Biodynamics--why the horn

I know that part of Biodynamics is Preparation 500, or the burying of cow manure in a cow horn from the fall to spring equinox. I know that with added water and then sprayed on the fields it promotes healthier soil, stimulates growth of roots, healthy microorganism activity.

But the question is … does anyone know why or how this works? What changes occur to the manure over that 6-month period?

And, why the horn as a vessel? Porosity? Size? Why not a different vessel?

Anyone have any ideas? I am so curious.

The cow manure is an integral part of biodynamics. If you eliminate the bull shit, what’s left?

The cow horn, from a cow that has calved, channels the cosmic energy into the manure, which is then dynamized over the winter for 500 or over the summer with the quartz for 501.

Biodymanics pulls from Ayurvedic farming tradition then blends it with European peasant wisdom.

Try this on for size;" onclick=";return false; and if you have questions, I will try to answer them as best I can. I have a decade of practice, but believe it impossible to do Biodynamics in a monoculture. Most BD is a farce.

I asked Paul Achs once, why the damn cow horn, and he said “It’s an ox horn”

secret handshake I guess…

There is no objective evidence that any of the biodynamic preparations work.

If you want to find the supposed reason for the horn, Steiner himself says in his agricultural lectures:

“The cow has horns in order to send into itself the astral-ethereal formative powers, which, pressing inward, are meant to penetrate right into the digestive organism. … Thus in the horn you have something well adapted by its inherent nature, to ray back the living and astral properties into the inner life.”

Isn’t that the defintion of what a cow is, otherwise it would be a heiffer, no?

I asked Alan York how prep 501 worked to supercharge photosynthesis if light saturation occurs at 35% of available light.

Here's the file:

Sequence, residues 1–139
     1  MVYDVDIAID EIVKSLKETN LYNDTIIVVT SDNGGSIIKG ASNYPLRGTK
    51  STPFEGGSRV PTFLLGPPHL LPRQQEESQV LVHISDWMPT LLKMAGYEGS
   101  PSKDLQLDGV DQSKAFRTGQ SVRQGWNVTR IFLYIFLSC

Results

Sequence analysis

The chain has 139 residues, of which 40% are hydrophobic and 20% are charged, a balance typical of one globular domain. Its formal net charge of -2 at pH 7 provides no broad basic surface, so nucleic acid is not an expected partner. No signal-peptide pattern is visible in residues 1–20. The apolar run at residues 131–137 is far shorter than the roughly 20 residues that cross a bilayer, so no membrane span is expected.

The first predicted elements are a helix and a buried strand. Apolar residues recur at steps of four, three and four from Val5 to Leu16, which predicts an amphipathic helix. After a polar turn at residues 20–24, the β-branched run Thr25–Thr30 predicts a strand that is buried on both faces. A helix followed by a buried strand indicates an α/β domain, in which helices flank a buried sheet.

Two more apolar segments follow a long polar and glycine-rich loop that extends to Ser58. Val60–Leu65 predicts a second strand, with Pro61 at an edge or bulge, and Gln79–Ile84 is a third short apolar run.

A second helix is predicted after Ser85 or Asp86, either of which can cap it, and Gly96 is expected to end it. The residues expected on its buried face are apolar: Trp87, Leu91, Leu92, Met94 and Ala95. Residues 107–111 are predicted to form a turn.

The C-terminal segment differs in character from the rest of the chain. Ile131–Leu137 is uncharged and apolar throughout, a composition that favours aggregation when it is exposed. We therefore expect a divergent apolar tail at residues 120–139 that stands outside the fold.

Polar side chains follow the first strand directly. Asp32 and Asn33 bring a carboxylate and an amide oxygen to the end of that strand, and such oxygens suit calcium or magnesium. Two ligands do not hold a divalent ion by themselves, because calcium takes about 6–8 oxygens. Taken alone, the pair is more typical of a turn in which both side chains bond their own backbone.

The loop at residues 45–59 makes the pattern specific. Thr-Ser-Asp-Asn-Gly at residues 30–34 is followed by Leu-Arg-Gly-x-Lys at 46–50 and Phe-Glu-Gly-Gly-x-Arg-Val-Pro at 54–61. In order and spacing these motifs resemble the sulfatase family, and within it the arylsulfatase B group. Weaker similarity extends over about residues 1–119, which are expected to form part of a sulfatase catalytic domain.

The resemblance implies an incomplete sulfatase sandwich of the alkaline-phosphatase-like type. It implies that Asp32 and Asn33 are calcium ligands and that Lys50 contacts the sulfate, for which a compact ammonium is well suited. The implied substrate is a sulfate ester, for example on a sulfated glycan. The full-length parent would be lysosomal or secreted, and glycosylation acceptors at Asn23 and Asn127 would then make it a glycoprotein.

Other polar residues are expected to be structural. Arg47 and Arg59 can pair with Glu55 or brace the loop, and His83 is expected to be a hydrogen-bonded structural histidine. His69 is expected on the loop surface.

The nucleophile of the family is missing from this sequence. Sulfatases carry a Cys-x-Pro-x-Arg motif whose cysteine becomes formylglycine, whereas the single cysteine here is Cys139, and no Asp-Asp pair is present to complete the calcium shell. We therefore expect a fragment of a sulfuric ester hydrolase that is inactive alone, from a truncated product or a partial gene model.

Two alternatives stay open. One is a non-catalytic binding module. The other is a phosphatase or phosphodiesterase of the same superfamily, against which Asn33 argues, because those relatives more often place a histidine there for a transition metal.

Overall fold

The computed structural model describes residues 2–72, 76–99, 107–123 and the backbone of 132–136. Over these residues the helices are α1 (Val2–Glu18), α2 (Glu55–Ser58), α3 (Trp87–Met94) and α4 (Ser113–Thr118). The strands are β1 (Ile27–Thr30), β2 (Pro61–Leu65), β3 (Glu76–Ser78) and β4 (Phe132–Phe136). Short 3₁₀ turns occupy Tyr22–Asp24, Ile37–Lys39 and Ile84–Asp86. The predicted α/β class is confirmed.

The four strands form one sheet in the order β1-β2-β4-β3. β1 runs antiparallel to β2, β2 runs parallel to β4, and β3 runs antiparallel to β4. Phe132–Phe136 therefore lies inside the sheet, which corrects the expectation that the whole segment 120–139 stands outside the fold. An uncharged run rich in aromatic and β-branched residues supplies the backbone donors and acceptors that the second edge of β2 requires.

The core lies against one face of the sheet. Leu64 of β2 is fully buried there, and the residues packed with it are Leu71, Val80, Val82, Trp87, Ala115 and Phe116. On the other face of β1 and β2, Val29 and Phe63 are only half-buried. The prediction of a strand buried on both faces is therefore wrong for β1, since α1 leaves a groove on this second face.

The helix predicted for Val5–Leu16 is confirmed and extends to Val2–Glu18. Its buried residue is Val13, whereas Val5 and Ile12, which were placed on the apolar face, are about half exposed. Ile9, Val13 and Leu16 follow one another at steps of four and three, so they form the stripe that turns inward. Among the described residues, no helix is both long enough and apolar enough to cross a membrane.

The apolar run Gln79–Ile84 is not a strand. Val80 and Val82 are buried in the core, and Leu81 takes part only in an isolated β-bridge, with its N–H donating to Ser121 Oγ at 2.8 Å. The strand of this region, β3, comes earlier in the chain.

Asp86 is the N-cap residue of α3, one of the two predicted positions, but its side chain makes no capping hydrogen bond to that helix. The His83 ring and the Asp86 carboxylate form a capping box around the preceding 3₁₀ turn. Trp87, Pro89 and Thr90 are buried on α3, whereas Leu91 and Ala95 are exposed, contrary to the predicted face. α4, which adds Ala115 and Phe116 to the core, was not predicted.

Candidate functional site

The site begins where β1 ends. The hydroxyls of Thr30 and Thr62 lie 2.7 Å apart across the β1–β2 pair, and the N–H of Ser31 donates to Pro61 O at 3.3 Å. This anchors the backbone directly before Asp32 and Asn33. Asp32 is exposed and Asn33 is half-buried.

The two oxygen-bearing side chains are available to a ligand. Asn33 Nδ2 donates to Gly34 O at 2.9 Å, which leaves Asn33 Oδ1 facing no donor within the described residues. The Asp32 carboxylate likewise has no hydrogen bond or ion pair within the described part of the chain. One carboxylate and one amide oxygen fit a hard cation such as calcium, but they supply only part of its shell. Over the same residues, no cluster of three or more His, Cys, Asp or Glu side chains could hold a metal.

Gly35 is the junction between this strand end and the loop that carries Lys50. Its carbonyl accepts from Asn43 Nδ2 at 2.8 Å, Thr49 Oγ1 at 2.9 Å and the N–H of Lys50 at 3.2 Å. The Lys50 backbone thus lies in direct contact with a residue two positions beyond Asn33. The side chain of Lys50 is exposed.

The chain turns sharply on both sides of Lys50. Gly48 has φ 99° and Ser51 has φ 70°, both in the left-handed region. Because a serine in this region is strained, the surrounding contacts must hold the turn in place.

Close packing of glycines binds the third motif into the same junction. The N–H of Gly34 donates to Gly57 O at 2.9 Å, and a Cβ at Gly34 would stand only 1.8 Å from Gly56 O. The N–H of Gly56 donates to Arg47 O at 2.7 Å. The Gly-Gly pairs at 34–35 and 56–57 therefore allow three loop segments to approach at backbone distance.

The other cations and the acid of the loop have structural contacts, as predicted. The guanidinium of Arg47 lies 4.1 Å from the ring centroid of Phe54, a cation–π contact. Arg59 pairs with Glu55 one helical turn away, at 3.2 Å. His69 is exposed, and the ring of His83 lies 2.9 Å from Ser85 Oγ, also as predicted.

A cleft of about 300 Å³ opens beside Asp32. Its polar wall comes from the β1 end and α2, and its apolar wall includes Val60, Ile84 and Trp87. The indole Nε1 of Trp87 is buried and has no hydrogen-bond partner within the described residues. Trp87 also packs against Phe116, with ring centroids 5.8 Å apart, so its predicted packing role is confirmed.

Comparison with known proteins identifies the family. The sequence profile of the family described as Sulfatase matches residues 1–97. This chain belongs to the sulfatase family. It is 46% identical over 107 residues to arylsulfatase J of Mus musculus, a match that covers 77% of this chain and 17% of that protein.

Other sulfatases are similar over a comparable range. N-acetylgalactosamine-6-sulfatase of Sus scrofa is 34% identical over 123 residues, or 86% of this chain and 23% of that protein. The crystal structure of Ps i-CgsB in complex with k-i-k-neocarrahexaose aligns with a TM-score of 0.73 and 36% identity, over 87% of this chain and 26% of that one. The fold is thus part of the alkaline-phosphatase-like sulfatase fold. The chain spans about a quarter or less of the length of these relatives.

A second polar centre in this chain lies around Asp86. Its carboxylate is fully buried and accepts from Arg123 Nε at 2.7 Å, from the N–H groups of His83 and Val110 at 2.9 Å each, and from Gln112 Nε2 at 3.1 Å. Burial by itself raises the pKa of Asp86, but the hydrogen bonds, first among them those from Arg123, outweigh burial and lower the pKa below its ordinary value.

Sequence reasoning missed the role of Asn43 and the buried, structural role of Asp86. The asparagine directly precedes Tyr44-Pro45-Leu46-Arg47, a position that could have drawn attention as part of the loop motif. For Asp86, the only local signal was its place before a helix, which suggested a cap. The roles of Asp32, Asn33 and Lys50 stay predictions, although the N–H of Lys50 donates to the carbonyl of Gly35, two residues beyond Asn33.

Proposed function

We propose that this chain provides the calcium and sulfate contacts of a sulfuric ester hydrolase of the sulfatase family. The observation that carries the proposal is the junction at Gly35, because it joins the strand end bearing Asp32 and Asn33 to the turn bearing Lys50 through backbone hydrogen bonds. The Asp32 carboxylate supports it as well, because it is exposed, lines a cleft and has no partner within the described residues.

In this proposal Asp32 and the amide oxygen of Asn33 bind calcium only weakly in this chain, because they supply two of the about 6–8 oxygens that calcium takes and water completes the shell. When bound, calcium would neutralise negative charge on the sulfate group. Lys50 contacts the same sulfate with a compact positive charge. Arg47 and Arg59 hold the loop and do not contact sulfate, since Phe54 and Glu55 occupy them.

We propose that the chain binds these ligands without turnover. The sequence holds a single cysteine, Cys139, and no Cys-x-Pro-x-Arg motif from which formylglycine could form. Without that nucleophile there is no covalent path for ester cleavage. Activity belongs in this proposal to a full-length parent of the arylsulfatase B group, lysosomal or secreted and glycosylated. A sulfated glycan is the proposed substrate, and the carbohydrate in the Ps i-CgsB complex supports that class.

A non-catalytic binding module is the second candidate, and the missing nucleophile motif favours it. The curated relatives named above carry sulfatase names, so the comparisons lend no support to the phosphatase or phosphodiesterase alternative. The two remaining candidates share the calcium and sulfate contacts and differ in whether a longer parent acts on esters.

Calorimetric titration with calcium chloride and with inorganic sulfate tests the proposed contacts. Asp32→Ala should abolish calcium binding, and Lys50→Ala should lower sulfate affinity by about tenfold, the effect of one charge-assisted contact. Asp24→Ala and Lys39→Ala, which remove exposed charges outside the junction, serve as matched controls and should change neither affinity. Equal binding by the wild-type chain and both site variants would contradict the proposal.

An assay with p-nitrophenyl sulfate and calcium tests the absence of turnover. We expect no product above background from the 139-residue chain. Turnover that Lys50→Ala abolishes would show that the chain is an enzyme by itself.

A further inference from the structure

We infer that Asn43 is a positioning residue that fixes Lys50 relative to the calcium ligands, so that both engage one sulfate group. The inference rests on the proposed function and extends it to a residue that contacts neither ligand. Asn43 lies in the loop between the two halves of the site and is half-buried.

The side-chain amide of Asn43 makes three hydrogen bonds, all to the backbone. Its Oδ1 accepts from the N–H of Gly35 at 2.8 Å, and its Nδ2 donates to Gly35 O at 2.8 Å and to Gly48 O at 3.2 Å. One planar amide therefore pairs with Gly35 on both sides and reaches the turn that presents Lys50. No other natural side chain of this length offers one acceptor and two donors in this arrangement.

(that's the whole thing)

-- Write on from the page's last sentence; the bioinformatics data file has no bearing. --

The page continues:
He changed the subject.

Sure. Makes perfect sense to me. [rolleyes.gif]

Heartily agree with your sentiments concerning BD as it is currently preached, but I do feel the philosophical ideals behind it have merit and warrant more serious and realistically very long term investigation. Whether the 500 series of preps have an effect is something I’m still ambivalent about. But I do think looking at BD as a guide, to develop a better, and more terroir suited form of agriculture is important.

In addition to the original question, the horn’s internal ridges of a cow that has calved (or lactated?, I forget) is supposed to provide additional surface area for microbes to colonize and help prepare the resulting 500.

Whether any of this has any conventionally measurable effect is subject to much debate (and conclusions from some perspectives), but the basic idea is that introducing natural substances, patterns and systems at all scales and steps and where appropriate, will result in a more natural and in theory better wine. Something I think all of us can agree is a worthy goal.

Brian Maloney

Mechanically, it is just BS: common sense would tell you this. I think what you could say it provides is a sense of intent on the part of the farmer; nothing else.

time to put on your [foilhat.gif]

It is bs, but I think the best part is that it does help you put a new hat on (albeit foil lined) that helps make you think about soil microbes, green manuring, trying to work in a closed loop, composting, using botanical teas and on and on. These are good things, and there are many more aspects to draw a benefit from. I studied and tried, stirred a lot, and not for nothing as I now have more arrows in my farming quiver to deal with issues as they arise. But when I hear of people saying they are starting with BD I always think, not for long…

Where is Zuccs, our resident expert, to help with these questions?